Why? Why can’t I just do what I say I will? Is it so hard? Is it age? Illness? Bad character? Fear I’ll miss something? What this man’s about to say fairly fills the bar with dread, bounces off the period trappings, taps the drumheads, jingles the harnesses, swirls around Johnny Appleseed like a Halloween ghost.

“He took his own life,” the palooka says without a blink.

“Do you know why?” I ask, full-in-now, with nothing to offer back, nothing to make a man feel better in this season when all seek it.

“Look at those fucks,” Lester snarls. Candidate Gore and his undernourished running mate have commandeered the TV screen in their shirt sleeves, walled in behind stalks of microphones in front of an enormous oak tree, looking grave and silly at once. Gore, the stiff, is spieling on soundlessly, as if he’s admonishing a seventh grader, his body doughy, perplexing, crying out to put on more weight and be old. “Haw!” Lester brays at them. “Whadda country. Jeez-o fuck.” If I had a pistol I’d gladly shoot Lester with it.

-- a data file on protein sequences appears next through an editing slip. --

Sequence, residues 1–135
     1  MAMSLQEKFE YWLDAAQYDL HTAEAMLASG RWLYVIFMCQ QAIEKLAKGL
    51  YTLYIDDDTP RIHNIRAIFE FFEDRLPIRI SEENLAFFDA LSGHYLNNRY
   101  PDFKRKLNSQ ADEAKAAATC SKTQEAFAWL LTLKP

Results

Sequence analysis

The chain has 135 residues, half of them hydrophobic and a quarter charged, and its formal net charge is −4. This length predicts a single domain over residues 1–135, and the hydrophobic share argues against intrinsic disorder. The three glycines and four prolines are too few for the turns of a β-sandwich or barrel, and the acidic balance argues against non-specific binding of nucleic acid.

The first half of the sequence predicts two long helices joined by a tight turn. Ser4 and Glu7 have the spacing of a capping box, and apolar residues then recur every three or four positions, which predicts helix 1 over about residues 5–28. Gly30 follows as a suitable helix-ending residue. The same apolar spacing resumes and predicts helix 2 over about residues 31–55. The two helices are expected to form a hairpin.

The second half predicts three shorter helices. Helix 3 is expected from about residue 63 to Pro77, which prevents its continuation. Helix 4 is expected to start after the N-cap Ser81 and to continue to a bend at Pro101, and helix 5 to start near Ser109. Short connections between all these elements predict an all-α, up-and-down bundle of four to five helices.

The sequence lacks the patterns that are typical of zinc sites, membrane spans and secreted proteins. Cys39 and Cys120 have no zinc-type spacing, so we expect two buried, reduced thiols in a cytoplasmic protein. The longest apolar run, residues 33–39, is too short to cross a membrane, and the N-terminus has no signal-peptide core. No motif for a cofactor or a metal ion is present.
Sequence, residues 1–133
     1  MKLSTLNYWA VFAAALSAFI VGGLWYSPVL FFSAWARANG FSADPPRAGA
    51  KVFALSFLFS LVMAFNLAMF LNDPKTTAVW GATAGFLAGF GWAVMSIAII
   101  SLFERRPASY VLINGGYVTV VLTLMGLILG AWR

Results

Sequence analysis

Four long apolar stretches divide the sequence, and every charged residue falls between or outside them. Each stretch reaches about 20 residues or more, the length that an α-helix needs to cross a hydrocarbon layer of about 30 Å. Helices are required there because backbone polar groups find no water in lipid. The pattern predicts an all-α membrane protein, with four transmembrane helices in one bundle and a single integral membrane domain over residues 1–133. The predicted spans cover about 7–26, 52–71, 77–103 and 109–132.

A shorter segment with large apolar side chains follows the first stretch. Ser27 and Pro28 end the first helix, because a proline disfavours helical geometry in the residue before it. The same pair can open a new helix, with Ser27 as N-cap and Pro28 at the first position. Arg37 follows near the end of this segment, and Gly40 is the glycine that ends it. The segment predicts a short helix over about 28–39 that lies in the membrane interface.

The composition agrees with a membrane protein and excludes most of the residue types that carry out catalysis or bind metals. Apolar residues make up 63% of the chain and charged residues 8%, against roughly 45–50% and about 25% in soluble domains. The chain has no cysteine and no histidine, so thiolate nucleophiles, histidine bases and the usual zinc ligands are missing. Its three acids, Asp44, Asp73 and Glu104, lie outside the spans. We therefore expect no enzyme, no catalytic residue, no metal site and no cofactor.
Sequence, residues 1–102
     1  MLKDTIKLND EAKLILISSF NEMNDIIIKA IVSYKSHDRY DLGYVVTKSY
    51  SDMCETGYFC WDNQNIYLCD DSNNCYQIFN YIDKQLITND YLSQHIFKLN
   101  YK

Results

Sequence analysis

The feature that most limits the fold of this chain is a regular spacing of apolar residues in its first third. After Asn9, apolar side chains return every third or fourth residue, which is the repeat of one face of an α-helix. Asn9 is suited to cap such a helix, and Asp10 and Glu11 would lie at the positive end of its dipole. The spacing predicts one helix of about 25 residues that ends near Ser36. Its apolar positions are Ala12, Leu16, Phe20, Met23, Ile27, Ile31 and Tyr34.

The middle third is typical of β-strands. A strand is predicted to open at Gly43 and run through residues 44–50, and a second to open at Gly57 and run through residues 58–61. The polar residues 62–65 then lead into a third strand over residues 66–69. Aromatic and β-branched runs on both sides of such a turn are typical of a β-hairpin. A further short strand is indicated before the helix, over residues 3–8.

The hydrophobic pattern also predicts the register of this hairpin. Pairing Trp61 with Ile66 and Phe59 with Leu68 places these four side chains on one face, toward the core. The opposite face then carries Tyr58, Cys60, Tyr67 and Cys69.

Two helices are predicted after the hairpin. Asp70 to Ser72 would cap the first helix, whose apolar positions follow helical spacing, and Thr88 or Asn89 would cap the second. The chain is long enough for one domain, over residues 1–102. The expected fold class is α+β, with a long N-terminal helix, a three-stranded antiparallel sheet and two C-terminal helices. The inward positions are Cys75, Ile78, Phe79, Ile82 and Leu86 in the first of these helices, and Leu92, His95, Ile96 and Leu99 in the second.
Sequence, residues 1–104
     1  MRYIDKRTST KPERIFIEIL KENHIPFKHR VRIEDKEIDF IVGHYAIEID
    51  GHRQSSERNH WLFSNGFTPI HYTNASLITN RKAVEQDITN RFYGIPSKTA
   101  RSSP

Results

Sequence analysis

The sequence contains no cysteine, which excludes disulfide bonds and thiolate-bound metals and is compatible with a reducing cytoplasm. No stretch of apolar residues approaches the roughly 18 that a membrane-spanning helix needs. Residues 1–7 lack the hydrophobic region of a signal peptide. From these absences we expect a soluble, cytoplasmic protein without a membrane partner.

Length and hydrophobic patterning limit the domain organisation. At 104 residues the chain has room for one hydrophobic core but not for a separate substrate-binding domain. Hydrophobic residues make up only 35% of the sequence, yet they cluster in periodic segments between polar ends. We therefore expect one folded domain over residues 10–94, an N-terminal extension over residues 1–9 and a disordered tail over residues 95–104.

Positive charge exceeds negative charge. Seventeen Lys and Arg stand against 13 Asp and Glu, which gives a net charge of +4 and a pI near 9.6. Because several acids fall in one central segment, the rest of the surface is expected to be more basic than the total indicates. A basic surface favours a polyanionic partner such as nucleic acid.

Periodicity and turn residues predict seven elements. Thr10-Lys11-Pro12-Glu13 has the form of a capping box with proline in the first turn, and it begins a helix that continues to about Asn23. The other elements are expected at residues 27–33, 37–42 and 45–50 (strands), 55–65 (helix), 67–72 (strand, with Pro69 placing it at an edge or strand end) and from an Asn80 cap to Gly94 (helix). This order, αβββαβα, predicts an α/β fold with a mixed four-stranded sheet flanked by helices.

“No. I don’t.” The big Trentonian bolts his drink and has a last drag on his smoke. He doesn’t like this now, is sorry he started it. Just an idle question that led the old familiar wrong way. “What I owe you?” he says to Lester, who’s still gawking at Gore and Lieberman gabbling like geese.

“A blow job,” Lester says without looking around. “It’s happy hour. Make me happy.”